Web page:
Molière, the French playwright was heavily influenced by the work of the Italian actors seen Paris and with whom he shared the Palais Royal from 1662-1673 and was particularly marked by the interpretations of the actor Tiberi Fiorelli. The misunderstandings, chance happenings, disguises and role reversal, prefered by the commedia dell'arte were to be reflected and developed in the works of Molière....
Despite the initial wit and sophistication of dialogue, the performances became increasingly burlesque, even obscene and in spite of the efforts of the Italian Carlo Goldini to refine the form in the mid-18th century the commedia dell'art all but disappeared in the 19th. At the end of the 18th century the English performer Joseph Grimaldi introduced the first modern clown to the world of the circus and this would finally eclipse the Italian art form that had already fallen into disrepute.

It had long been recognised that marionnettes could express the same themes of the commedia dell'arte instead of 'expensive' actors and offer artists greater flexibility, impunity and therefore greater freedom of expression in public places. In addition, the relatively small, easily dismantled puppet theatres - the castelets, offered significant mobility and enabled performers to travel from district to district, city to city with greater ease - "That's the way to do it!" as Punch would say...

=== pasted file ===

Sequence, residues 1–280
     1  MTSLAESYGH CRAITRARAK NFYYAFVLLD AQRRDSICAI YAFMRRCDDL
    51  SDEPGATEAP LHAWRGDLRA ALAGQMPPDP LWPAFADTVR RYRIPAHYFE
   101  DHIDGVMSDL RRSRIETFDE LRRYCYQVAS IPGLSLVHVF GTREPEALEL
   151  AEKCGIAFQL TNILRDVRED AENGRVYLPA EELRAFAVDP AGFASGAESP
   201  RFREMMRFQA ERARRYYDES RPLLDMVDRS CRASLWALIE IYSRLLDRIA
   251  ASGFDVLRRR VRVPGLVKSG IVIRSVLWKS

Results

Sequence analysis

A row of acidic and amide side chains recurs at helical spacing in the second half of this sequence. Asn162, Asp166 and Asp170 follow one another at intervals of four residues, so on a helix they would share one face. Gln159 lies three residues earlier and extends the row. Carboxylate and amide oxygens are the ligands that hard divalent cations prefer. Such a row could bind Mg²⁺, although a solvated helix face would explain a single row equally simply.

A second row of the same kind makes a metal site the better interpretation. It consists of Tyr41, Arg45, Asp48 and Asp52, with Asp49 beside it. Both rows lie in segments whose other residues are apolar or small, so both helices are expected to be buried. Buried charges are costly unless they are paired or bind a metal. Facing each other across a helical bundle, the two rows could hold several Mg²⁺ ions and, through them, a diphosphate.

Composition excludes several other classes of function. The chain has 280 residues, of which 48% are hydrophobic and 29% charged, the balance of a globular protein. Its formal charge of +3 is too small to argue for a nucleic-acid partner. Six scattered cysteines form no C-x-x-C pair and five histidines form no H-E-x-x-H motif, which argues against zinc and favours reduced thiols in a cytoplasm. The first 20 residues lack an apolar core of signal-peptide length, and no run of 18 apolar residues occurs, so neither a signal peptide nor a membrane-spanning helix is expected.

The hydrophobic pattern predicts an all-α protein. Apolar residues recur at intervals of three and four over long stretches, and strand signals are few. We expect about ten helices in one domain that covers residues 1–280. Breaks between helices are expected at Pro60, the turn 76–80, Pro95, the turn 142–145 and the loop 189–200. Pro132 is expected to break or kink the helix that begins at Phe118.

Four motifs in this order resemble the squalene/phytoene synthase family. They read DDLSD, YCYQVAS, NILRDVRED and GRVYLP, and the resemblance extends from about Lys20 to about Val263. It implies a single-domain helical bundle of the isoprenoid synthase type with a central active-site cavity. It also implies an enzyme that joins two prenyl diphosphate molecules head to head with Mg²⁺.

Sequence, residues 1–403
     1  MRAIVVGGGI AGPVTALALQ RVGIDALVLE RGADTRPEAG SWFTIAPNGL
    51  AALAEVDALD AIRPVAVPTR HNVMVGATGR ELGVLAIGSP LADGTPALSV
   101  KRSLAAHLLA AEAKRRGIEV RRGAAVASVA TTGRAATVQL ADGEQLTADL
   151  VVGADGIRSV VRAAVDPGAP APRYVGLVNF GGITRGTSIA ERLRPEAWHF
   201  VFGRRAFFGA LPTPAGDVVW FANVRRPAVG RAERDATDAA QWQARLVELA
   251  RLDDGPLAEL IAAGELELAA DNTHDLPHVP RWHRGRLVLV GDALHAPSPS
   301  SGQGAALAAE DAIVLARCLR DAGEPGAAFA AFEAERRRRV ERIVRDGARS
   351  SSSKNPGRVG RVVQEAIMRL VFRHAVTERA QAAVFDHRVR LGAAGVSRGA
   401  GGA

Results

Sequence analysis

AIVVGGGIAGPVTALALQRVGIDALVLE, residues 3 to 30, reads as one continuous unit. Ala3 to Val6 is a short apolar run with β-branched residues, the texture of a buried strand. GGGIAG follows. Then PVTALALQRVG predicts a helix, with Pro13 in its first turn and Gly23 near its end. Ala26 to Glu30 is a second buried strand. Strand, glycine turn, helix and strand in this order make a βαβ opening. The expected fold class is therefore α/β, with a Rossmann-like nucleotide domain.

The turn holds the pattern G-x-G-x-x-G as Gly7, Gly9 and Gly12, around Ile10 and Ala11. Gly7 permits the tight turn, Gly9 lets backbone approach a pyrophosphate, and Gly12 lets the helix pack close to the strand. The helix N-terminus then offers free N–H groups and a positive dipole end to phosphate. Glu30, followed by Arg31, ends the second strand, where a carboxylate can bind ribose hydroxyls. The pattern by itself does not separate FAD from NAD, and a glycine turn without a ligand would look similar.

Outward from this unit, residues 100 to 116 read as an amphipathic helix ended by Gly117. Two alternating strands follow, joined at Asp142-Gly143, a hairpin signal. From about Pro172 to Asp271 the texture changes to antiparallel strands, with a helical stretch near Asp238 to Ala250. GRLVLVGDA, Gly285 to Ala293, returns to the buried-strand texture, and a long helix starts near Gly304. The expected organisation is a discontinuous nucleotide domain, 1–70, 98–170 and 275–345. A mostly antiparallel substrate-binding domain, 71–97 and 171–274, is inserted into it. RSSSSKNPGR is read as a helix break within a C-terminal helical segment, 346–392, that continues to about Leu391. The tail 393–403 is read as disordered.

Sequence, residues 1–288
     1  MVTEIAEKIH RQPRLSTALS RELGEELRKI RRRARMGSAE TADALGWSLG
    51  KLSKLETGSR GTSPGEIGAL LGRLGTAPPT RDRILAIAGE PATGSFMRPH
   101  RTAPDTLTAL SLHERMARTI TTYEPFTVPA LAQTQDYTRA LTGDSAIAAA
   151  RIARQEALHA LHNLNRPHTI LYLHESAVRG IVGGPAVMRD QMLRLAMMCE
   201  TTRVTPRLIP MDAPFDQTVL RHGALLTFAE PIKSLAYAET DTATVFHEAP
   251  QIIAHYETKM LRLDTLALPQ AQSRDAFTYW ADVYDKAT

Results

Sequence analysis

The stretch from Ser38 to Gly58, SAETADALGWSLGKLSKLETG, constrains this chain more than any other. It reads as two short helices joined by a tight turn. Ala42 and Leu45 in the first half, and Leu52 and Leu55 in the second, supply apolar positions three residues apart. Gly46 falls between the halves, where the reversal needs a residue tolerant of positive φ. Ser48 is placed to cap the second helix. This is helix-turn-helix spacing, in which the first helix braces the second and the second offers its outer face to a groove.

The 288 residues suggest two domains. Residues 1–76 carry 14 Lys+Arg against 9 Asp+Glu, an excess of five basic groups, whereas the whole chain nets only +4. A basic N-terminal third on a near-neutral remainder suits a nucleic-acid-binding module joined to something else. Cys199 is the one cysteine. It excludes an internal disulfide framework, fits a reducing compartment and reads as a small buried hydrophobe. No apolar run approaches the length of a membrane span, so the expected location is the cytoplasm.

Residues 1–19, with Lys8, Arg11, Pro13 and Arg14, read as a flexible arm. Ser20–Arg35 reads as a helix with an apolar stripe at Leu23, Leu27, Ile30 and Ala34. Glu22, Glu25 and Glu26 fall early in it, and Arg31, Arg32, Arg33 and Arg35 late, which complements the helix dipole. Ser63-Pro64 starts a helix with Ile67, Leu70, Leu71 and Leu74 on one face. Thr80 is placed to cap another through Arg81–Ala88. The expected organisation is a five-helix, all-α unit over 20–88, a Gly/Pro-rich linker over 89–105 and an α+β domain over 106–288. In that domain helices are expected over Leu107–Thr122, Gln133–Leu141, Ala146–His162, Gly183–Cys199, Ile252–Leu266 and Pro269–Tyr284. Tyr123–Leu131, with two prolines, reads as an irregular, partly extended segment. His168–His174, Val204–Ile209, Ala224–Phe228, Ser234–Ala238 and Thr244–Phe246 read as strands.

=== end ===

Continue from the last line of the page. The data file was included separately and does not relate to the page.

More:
Mr Punch was first officially sighted and named in Restoration England in 1662 when Samuel Pepys wrote of  a puppet show he had seen in Covent Garden.

The Puritan reign had finally come to an end and Punch, like an irreverent, gaudy Elizabethan jester, was here to mark the event as Charles II gave patronage to actors' performances. Early Punch was rather like Old Vice from Medieval morality plays, acting out the battle between good and evil, with the Devil as a fixture in the performances. In a rapid sequence of events Punch would be confronted by numerous situations that would reflect the social concerns and spirit of the time. Gradually, however, Punch became increasingly individualistic and defensive of his own interests, taking on the forces of law, order, convention and above all his shrew-like wife, Judy. His outrageous behaviour in response to events assumed a farcical quality as it led to mayhem and buffoonery.
Dressed in his fool's motley and a sugarloaf hat, bearing a hunched back, hooked nose and prominent boot chin Punch looks like the ultimate anti-hero who gloats on his bad behaviour ("Pleased as Punch") and loves to flout and outwit all rules and norms. He gleefully brandishes his stick - the noisy weapon that gave rise to the expression slapstick comedy - and doesn't hesititate to wield it against his harridan wife, or even their baby.